The assertion of a protective function privilege by the Secret Service cannot possibly serve as a basis for the OIC's allegations of abuse of power. As a factual matter, the President never asked, directed, or participated in any decision regarding the protective function privilege. Moreover, no one at the White House asked, directed, participated or had any role in such decisions. The Treasury and Justice Departments independently decided to pursue a privilege for the Secret Service to ensure the protection of this and future presidents.

Second, ignoring significant security concerns expressed by the Secret Service, the Independent Counsel sought testimony from agents about non-criminal events they may have witnessed as well as non-criminal conversations they may have overheard in the course of protecting the President. For the first time in the history of the Independent Counsel statute, the Independent Counsel sought to use the protective service as a source of intelligence for admittedly non-criminal activities of a protectee. In the wake of this unprecedented demand, it was and continues to be the reasoned judgment of career professionals in the Secret Service that the absence of a protective privilege would severely impair agents' ability to fulfill their mission to protect this and future Presidents (as well as other protectees). The Secret Service's position was supported by former presidents and by former agents assigned to protect presidents in both Republican as well as Democratic administrations.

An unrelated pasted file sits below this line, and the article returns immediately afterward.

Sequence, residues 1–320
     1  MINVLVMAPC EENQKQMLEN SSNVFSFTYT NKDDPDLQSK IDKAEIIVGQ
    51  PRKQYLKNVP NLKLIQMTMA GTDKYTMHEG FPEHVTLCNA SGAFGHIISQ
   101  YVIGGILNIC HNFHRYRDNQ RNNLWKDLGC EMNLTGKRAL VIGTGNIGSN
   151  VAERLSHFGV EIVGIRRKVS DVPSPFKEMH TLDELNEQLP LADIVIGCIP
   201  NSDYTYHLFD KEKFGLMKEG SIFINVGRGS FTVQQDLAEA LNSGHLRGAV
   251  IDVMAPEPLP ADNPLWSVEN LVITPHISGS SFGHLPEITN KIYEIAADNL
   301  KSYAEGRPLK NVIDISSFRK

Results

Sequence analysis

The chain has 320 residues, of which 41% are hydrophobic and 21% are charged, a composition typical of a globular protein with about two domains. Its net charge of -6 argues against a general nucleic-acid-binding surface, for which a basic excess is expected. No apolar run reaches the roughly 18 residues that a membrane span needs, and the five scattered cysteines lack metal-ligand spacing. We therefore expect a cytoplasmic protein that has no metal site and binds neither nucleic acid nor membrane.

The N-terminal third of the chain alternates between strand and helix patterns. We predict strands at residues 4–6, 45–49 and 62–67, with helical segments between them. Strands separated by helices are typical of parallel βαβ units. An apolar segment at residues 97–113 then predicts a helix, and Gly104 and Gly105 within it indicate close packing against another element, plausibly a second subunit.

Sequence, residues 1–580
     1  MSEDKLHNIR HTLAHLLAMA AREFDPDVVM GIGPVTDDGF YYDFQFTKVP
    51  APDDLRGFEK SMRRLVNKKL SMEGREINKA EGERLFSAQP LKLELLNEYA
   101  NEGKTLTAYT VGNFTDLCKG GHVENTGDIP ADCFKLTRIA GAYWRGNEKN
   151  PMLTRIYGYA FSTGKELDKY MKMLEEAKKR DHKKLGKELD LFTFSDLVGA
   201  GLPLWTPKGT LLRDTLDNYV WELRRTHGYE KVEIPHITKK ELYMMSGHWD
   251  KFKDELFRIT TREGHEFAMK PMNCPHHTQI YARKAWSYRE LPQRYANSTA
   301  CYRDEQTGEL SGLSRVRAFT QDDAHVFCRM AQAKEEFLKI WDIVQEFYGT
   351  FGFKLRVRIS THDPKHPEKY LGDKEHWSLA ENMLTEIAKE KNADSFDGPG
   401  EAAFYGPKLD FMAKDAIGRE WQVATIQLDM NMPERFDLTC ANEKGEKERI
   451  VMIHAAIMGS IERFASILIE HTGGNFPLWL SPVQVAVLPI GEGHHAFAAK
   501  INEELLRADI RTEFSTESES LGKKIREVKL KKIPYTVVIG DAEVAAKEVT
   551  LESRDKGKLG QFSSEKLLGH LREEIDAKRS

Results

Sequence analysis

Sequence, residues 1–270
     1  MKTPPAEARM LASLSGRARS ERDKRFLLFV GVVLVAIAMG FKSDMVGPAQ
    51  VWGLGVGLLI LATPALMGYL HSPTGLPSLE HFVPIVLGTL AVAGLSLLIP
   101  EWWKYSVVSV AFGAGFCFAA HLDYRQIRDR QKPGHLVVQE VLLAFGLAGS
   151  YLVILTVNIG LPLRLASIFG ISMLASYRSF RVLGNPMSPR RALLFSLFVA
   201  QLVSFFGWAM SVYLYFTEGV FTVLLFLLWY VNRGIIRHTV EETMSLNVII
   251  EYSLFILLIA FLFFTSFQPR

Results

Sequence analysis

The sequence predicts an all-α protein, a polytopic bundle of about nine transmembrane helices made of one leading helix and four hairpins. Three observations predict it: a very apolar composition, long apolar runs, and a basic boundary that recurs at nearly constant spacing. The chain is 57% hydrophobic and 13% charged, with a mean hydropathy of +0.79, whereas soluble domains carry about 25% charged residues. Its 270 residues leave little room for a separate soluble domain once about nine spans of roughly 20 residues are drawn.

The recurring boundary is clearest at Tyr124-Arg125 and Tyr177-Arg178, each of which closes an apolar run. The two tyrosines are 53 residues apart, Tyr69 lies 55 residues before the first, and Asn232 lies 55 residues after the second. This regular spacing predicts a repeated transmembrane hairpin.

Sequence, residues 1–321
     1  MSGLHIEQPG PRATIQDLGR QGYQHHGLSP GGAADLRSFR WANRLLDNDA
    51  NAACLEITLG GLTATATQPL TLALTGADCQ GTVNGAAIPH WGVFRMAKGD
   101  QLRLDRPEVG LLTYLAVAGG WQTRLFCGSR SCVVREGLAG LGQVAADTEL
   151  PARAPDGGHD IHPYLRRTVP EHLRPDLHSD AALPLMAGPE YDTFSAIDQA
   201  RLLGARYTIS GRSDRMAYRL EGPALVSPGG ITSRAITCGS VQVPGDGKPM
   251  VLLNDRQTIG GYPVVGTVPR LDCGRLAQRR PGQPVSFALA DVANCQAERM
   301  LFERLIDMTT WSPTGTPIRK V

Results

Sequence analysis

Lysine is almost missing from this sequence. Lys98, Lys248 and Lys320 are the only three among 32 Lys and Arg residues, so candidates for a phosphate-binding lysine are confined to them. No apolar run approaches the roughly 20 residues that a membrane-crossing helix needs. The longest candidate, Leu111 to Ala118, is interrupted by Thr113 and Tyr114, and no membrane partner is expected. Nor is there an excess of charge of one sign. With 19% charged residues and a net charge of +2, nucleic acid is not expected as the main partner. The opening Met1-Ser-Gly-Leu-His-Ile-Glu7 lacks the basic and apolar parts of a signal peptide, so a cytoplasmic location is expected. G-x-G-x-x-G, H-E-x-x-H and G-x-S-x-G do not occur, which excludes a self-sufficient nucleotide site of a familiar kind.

Thus, the Justice and Treasury Departments' assertion of a protective privilege advanced valid concerns about the Secret Service's ability to perform its function. The OIC's suggestion that the assertion of this privilege constituted an abuse of power not only insults the integrity of career law enforcement officials, but that of congressional policy makers too. Indeed, because of the Independent Counsel's unorthodox overreaching, Senator Hatch vowed to seek legislation to enact the type of limited privilege asserted by the Secret Service in response to the Independent Counsel's sweeping actions. Congressional Press Releases, Senator Orrin Hatch, July 17, 1998.

3. The President's Assertions of Executive and Attorney/Client Privilege were Valid and Necessary

Any charge by the OIC that the President's assertion of privileges constitutes an abuse of power is equally baseless. The White House advanced claims of privilege only sparingly and as a last resort to protect the core constitutional and institutional interests of this and future presidencies. In pursuing his attack on the institution of the Presidency, the OIC took the extreme position that executive privilege was inapplicable and that the governmental attorney-client privilege did not exist in the face of grand jury subpoena. The OIC now seeks to penalize the President for disagreeing with its interpretations of the law, despite the fact that the courts (and the Department of Justice) both also disagreed with the OIC.